This guy is completely off his rocker. Donald J. Trump-style. He seems to equate himself with the nation's body of detectorists, and if somebody says something about him, Johh Howland, that means the whole detecting community. If he, John Howland, is sceptical of figures about non-recording, then they all must be too. If there is "evidence of non-recording" he demands the authors supply it to HIM for publication on HIS blog, and he "warns" that HE will be the one to challenge it.  Unless HIS demands about getting Barford and Swift (only?) "archaeologically condemned out of hand", there will not be "full co-operation" of the UK metal detecting community "progressing to the next level". Nothing more or less than 100% narcissism.

I don't know whether Mr Howland has any inkling of what the Portable Antiquities Advisory Group is (but I'll guess not much), but Mike Heyworth has been chair of that body for quite a while now, so hardly "throwing in his lot".  

The Portable Antiquities Advisory Group, is - as the name hints - an advisory group, so it is not there to be "politically-ept", nor after coming up to quarter of a century of operation of the PAS should there be any more a need for a "rallying call for co-operation". Either metal detectorists are responsible, or they are not. They should not need asking. Their will for co-operation should not need "careful cultivation".
… join us.

That's just insulting.  

Of course anyone who'd actually read the article of Lewis and Heyworth in British Archaeology would be aware that the number of finds (not) being recorded is only part of what they said. 

 

 * As I have pointed out many times, but Mr Howland continues to ignore because it conflicts with his world-picture where metal detecting is a victim of "abuse", the PAS has already published its own figures - that broadly coincide with those of Heritage Action. Page 14 here, up on the Internet since August 2014

Tuesday, 12 January 2021

Boris's Britain Rejects European Regulations to Reduce Illegal Antiquity Trafficking


       Dirty hands of the British antiquities market  

As part of its post-Brexit trade deal with the European Union, the United Kingdom has rejected new import licensing regulations imposed by the EU designed to safeguard cultural heritage from illegal trafficking, according to the Art Newspaper (Valentina Di Liscia, 'UK Rejects European Union Regulations to Reduce Illegal Antiquity Trafficking' Hyperallergic 11th Jan 2021).  
The regulations were introduced by the European Union in April 2019 and are meant to protect against the illicit trade in cultural property, including terrorist financing and money laundering. The legislation requires import licenses for art, antiques, books, and other artifacts that are more than 250 years old before they can enter any EU country. To acquire the rights, importers must prove that their goods were legally exported from the country of origin. Under the new rules, there are no licensing requirements for importing objects of cultural interest into the UK. [...] The legislation, the first common EU law of its kind concerning imports of cultural property, attempts to control the looting and trafficking of antiquities, a thriving [...] industry that has repercussions far beyond the arts sector. For example, the illegal trade of cultural goods often contributes to funding organized crime, according to Interpol.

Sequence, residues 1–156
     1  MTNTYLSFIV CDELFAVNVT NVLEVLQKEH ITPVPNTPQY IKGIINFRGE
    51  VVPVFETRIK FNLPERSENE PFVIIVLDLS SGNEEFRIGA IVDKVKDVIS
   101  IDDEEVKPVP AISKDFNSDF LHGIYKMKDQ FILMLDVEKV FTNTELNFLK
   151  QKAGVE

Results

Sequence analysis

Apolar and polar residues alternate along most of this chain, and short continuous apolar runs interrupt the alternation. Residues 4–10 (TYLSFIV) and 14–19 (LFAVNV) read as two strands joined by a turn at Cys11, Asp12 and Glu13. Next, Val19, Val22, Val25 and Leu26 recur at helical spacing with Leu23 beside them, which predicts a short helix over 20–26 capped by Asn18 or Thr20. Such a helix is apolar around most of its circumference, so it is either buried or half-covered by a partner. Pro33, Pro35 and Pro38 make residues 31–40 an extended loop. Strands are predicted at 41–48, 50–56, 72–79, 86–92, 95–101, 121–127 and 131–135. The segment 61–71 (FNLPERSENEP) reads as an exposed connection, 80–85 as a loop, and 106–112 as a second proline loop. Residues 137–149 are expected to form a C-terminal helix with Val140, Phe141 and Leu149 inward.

So, basically, if you are a responsible antiquities buyer, best from now on to avoid the UK market where dealers are not required by any law to prove that their goods were legally exported from the country of origin. But buy from a law-abiding EU dealer who is. 

If the European art market is Europa on her bull, this is what this move makes the British art market right now. 





Monday, 11 January 2021

FLO Selling Antiques? Eh?


Details, Mr Grey?

Stephen Grey
I’ve heard of an antique shop in York kept well stocked by a FLO. So could work both ways but I wouldn’t ask the times to print that.

Saturday, 9 January 2021

Shame About the Freedom of Movement: UK Detectorist Interested in Foreign Looting Opportunities

Seymour Pratt (self employed and post in Ministère des Finances) has noted (24th November 2019)
" Areas not under central government control. Metal detecting allowed without permission !"

 

UK Tekkie Reasoning

 

This is part of the discussion going on in detecting circles about the Times article on metal detecting rallies. I'm going to leave it with the original punctuation, you work out what the guy wanted to say...

Gerry Llewellyn
Whatever the out come what ever is said m/d licence i had 1 cause they said i had to have one they tried that more detectors came tried to ban it it didnt work this hobby round world is worth so many millions same in uk so theres no ban on its way to much money being made gov gets big slice of it but he is crying about the missing stuff undeclared from big digs etc we all know it goes on but not every one is of same mind thats life But the farmer i feel sorry for he gets great sum of money thinks he has done well but he is biggest loser sad thing hes lost more than he was paid oh the joys of detecting
So, he asserts that somehow the UK government is getting a big slice of the "millions" made on the hobby. Yet a few dozen words down, he admits that much more could be retrieved by regulating the hobby better. That's tekkie logic for you.

Imagine the conversation with the FLO: "Now Mr Llewellyn, I want you to tell me for our records in your own words what you observed about the archaeological context of that hoard you dug up, its relationship to other evidence in the field, and the mutual interrelationships between the 37 items as they lay in the ground, OK?

I think they should get this guy to write the rebuttal article for "The Times" that they were talking about doing. That'd really set the tone.